Taxpayer subsidies for rich ex-presidents are cutback targets
With ex-presidents earning hundreds of thousands of dollars in speaking fees and book deals, a bipartisan effort is underway in Congress to scale back taxpayer support for well-to-do former occupants of the Oval Office.
The Presidential Allowance Modernization Act seeks to amend a half-century-old law that sought to “maintain the dignity” of the office of the president.
The proposal would provide a taxpayer supported pension of $200,000, about the same amount that they now receive. But payments to ex-presidents for outside expenses such as office staff and travel would be cut back if their outside income exceeded $400,000 a year.
“Nobody wants our former presidents living the remainder of their lives destitute,” Rep. Jason Chaffetz (R-Utah), one of the bill’s sponsors, said in a statement. “But the fact is none of our former presidents are poor. Reports actually indicate that between book tours and speaking fees these men are making millions of dollars a year. There’s little reason why American taxpayers should be subsidizing these former presidents when they’re doing fine on their own.’’
Rep. Jason Altmire (D-Pa.), another bill sponsor, added: “If the American people are being asked to make sacrifices as we get our economy moving again, it makes sense for elected officials, who already are financially stable, to do the same.”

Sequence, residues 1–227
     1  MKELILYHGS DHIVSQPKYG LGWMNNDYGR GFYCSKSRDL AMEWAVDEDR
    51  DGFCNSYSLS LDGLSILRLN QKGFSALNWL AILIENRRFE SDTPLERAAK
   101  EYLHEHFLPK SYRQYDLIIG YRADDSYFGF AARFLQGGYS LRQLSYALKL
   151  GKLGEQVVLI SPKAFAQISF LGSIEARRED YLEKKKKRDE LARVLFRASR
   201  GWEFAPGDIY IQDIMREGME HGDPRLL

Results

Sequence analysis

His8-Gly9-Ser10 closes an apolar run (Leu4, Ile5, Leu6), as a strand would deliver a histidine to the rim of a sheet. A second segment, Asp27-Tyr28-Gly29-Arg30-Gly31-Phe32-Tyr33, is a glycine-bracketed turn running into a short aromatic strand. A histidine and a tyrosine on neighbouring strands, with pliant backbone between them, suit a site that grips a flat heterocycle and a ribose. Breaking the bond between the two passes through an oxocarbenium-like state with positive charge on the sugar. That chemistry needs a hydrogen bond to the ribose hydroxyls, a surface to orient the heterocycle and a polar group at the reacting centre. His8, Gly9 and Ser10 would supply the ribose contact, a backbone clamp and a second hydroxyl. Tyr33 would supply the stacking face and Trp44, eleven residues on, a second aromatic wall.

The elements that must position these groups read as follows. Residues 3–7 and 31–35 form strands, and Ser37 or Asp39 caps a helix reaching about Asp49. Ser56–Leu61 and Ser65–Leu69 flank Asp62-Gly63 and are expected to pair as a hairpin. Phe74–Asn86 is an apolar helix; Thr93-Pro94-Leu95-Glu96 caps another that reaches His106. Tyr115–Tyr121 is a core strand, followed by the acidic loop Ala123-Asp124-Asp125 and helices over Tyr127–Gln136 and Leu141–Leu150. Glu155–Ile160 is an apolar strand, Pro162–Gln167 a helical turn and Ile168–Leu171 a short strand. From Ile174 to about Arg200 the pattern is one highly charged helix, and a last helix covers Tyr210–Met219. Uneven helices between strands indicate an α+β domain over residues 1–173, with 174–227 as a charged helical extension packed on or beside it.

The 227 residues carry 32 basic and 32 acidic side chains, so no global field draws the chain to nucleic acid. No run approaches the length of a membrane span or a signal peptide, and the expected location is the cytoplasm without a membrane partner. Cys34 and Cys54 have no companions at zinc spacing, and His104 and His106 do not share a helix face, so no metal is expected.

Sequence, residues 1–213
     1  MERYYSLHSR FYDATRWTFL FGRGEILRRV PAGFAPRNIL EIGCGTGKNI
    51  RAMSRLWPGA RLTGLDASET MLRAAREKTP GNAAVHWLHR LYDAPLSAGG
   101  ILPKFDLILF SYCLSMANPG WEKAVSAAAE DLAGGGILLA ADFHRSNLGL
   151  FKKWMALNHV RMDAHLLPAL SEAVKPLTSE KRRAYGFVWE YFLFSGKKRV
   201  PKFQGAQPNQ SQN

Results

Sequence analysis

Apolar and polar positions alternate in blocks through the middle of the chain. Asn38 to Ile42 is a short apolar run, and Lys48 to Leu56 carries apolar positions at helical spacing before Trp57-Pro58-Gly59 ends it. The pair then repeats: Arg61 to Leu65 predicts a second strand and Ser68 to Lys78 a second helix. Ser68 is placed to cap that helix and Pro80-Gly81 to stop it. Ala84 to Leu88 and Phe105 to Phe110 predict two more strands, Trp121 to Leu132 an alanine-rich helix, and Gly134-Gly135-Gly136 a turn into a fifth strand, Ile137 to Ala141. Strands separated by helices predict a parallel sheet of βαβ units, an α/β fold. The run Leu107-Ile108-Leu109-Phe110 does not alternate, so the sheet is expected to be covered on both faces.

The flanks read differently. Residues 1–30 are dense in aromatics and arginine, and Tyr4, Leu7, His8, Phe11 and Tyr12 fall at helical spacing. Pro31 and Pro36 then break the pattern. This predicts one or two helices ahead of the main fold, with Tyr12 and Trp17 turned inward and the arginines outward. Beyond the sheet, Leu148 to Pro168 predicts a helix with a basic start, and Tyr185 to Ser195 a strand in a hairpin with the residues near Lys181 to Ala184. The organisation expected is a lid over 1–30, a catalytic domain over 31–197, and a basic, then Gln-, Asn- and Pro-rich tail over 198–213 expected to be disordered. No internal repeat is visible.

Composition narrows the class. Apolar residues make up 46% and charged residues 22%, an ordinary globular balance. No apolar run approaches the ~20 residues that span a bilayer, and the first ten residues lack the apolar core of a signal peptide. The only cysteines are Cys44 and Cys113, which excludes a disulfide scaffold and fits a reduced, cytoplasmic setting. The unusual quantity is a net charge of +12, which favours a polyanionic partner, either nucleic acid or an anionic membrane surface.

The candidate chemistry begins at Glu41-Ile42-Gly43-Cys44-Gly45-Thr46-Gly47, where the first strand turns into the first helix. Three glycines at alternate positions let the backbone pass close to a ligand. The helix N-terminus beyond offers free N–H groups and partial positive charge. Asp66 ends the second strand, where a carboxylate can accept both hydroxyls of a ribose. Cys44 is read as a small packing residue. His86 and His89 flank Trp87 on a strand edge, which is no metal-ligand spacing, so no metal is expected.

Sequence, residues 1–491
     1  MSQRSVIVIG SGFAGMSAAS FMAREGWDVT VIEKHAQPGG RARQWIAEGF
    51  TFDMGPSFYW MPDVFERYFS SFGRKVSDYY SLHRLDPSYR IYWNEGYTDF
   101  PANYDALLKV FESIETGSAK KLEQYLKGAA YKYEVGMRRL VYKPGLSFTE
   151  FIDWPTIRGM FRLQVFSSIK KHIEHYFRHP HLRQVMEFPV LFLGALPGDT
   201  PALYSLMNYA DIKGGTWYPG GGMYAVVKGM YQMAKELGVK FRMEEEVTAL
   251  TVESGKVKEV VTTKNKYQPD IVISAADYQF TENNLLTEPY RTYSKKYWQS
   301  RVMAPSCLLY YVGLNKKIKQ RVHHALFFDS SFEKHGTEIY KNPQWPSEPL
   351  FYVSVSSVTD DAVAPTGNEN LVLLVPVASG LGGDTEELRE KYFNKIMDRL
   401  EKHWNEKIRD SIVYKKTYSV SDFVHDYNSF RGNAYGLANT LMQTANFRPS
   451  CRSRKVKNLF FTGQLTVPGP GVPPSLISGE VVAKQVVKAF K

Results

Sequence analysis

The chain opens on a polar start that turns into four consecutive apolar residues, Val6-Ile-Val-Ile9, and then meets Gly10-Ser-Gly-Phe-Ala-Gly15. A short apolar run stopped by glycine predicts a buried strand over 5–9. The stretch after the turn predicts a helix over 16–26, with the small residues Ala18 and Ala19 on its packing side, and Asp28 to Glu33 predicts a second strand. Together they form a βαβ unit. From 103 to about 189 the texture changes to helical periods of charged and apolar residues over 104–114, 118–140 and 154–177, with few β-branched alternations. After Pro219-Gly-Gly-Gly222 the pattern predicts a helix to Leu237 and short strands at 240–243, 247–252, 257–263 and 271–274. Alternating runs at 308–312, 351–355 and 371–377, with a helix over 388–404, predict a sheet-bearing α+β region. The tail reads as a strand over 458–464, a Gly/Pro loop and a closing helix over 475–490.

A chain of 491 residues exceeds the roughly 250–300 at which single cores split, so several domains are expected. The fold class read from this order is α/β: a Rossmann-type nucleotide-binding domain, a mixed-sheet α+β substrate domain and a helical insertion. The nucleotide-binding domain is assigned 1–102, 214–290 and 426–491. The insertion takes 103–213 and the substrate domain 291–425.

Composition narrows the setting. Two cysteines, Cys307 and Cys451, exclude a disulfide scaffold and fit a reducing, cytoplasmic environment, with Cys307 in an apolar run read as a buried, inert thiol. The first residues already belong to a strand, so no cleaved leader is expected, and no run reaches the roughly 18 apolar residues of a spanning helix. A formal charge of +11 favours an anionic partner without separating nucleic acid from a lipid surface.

Former presidents Jimmy Carter, George H.W. Bush, Bill Clinton and George W. Bush collectively received about $3.8 million from taxpayers in fiscal 2011, according to records.
President Eisenhower in 1958 signed into law a bill granting ex-presidents a $25,000 pension annually, plus $50,000 for a staff and office to handle correspondence. The measure was passed after President Harry S Truman, after leaving office, struggled to hire a staff to handle his mail and requests for speeches, according to a Congressional Research Service report.
Former presidents receive varying amounts for expenses such as an office, staff and travel expenses. The amounts paid in fiscal 2011, including the pension, varied from $517,000 for Carter to $1.3 million for George W. Bush. Secret Service protection costs are not included.
Under the legislation, the $200,000 annual allowance would be reduced dollar for dollar if a former president makes more than $400,000 in outside income. If a former president makes $600,000 or more in outside income, the ex-president would receive the $200,000 pension but no public allowance.
The legislation would give a former president’s surviving spouse a $100,000 annual allowance, up from the current $20,000.
Congress has debated scaling back presidential allowances before but the new effort could gain momentum because of pressure to reduce the federal budget deficit.
“The taxpayer costs of keeping former presidents comfortable in their retirement may not amount to a huge budget item, but they’re something that the average person can more easily relate to than other things the government buys, such as aircraft carriers or new courthouses,’’ said Pete Sepp, executive vice president of the National Taxpayers Union, which supports the bill.
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